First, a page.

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Tour: High School, PAC, and Middle School

September 10, 2010

The budget season begins each year with tours of the facilities.  Generally, the tours showcase enhancements and deficiencies.  This year was different.  Enhancements were small and deficiencies were few.  This year, it seems, the tour was designed to convince ME there was a need for a new school.We were in and out of the high school stopping to look at the locker rooms and the new robotics lab — which appeared little more than another room full of computers.  We entered the PAC through the back where we were shown the deteriorating exterior siding (only eight years old) and told it needed to be replaced.  Mr. D met us in the foyer.  He answered a few questions and we were off to the middle school.

Mr. Hogan met us at the front door.   He regaled us with tales of improvements from teaching areas to office areas to the library, but also told us the building was not suitable for learning.

As we passed down halls decorated with murals, school board and budget committee members asked about HVAC deficiencies, windowless rooms, and lunching in shifts.  Mr. Hogan said things actually worked well despite these problems, but was  willing to speculate about what could be with a new school.  There was a lot of hand wringing and many heads were bowed.    

Then we talked about the electrical inadequacies.  Turns out that on a couple days that were over 100 (apparently in the buildings because the almanac does not agree), the school had to be cooled one half at a time.  Reportedly, the kids were ‘wiped out’ to the extent that learning was impaired and the principal was actually forced to  resuscitate one kid with a popsicle (as opposed to engaging one of the districts twelve nurses).  At the high school, the principal was forced to treat many kids in the way.  No doubt there are warm days, but we could buy a real nice central air system for $100,000,000.  And the fact is that it was the power that was lacking and, new school or no new school, the PAC should not be tapping off the middle school — that was another shortcut from the last building bond.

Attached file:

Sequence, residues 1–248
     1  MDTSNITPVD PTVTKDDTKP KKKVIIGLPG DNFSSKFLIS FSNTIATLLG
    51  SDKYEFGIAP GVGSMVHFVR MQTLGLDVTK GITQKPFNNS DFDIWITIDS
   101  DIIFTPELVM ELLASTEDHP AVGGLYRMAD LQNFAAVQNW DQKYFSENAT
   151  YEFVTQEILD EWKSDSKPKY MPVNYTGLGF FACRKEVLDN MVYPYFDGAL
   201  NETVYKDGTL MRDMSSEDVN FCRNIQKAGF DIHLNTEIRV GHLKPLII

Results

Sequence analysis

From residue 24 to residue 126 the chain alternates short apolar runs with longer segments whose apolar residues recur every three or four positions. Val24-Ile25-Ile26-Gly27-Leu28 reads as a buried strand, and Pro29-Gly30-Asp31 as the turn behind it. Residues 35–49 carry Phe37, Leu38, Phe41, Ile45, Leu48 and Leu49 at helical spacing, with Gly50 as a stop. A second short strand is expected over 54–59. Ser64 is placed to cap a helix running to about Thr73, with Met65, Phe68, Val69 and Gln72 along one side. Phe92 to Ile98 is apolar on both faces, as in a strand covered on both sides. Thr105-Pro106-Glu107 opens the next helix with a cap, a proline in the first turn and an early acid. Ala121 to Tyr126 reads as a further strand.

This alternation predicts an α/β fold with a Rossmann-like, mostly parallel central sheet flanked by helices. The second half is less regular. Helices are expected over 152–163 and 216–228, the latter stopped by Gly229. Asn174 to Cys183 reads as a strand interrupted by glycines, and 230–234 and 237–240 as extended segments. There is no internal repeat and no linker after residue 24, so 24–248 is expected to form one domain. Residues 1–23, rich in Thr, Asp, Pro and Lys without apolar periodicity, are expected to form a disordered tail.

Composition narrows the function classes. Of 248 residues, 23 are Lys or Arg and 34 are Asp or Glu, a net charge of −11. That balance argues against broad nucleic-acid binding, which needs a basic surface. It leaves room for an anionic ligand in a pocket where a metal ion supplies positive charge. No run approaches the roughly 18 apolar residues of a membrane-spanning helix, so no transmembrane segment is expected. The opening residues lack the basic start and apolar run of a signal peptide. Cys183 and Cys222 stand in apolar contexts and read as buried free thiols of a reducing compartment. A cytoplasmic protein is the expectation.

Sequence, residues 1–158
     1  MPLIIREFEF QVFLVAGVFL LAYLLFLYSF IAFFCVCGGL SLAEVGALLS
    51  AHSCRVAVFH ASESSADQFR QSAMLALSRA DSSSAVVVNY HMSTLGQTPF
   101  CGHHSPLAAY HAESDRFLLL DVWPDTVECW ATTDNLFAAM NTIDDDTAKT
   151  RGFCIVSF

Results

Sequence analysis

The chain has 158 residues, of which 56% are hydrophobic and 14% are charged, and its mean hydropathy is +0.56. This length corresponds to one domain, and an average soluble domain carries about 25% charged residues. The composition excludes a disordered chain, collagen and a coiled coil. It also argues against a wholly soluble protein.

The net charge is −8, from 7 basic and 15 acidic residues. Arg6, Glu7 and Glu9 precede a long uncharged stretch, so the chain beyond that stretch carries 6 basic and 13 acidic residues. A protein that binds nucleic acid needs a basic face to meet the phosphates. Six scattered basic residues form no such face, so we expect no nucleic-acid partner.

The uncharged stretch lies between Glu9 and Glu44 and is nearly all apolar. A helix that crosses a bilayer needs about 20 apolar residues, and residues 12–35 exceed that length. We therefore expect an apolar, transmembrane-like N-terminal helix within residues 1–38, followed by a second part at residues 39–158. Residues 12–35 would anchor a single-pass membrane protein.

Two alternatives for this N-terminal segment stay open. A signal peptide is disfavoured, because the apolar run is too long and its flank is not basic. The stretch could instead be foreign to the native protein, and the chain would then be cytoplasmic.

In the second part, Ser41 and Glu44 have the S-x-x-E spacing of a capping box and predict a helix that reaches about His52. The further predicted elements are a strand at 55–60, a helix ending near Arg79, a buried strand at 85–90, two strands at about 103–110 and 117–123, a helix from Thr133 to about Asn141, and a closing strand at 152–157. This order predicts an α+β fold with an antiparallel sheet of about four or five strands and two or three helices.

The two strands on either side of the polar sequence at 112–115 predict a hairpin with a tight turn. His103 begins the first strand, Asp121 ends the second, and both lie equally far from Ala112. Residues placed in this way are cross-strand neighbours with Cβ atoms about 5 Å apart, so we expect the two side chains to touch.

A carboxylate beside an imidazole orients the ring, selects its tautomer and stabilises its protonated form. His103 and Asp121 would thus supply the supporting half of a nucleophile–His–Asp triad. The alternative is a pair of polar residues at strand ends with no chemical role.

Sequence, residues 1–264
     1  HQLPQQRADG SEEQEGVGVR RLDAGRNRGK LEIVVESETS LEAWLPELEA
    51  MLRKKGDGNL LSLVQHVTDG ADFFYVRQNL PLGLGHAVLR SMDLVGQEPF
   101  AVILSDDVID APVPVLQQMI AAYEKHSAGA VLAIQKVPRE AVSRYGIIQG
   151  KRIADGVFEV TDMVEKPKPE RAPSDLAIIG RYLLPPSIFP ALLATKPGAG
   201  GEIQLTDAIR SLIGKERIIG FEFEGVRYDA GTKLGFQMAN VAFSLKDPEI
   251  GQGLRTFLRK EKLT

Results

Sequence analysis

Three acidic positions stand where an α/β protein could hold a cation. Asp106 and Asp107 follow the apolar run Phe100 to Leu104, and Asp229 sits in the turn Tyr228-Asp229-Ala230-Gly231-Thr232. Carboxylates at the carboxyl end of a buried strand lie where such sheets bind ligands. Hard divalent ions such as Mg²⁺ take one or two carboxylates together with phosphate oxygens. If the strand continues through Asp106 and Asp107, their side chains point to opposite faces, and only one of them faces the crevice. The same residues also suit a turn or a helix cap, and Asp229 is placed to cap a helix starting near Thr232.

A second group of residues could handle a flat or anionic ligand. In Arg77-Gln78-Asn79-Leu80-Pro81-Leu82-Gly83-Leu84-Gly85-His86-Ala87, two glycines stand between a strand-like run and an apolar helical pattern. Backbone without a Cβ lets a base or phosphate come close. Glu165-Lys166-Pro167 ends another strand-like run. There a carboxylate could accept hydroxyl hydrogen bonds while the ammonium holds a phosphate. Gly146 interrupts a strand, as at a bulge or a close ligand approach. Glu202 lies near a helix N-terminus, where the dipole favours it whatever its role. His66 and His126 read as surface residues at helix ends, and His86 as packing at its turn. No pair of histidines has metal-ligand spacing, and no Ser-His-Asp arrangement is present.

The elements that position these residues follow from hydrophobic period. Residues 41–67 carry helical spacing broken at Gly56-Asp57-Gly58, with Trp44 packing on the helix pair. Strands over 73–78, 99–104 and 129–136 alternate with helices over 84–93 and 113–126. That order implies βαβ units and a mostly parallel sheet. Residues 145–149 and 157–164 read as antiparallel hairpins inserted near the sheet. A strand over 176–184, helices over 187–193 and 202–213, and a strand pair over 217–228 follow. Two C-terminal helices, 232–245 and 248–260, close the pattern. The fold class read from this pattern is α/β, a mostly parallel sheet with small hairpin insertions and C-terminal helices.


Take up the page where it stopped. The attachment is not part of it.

Then there was much talk about how how crowded the halls were.  I asked Mr. Hogan if anyone had considered keeping each team in a suite of rooms and having the teachers move between classes.  He said that that would be a logistical nightmare.  Of course, the new school architecture is based on a ‘pod’ model that does just that.

Finally, we rallied in the Health room.  This is an old room arranged around a pair of science lab pedestals.  It’s small and one part of the room is filled with cabinets.  Here we were told of studies that showed that kids benefitted from natural light and fresh air…according to studies.  When the anecdotes tapered off, I reminded everyone that Mr. La Salle  said he did not expect the new school construction/renovation to positively impact middle schoolers (at the SECRET, untelevised/unrecorded ‘workshop’ in June).  La Salle explained that the middle school was already very good and had been named middle school of the year.  He said that this was due to curriculum improvements.  Mr. Hogan agreed with this.  At this point, Mrs. Withee (school board, Plaistow) interrupted me abruptly and ended the tour.

What I noticed during the tour was that there was a theme to the questions being asked.  I also noticed that the answers came out of Mr. Hogan’s mouth very quickly.  I suspect that the questions and answers were scripted.  This is probably why Mrs. Withee was so upset when I challenged their talking points — I don’t think the props were prepared to defend their positions.  It’s not the first time the superintendent has scripted a public event.  He famously did this during the deliberative session and the school board chair read a ‘prepared response’ earlier this month regarding the superintendent’s elimination of finals and midtems at the high school.

  • I noticed only ONE single computer that was not powered on during the tour (Mr. Hogan, turning off computers when not in use saves electricity and reduces heat)
  • The closet door to the electical room we visited had signs warning of electrical danger but was not locked
  • Motion detectors had been moved away from where they could be tripped from the outside of a locked door
  • Mr. D stressed the importance of the PAC to the HS kids noting that they represent half of the occupancy during the school day and that music, language arts, and theater were all taught in the PAC during the school day — it sounds like TRSD’s best teacher is not happy about depriving the high schoolers of use of PAC during the school day
  • The SAU’s business manager told me that he was not aware if the HS was a school in need of improvement — not his job

Tour of Danville and Sandown schools is next Tuesday and begins at the Danville school at 6:00pm.

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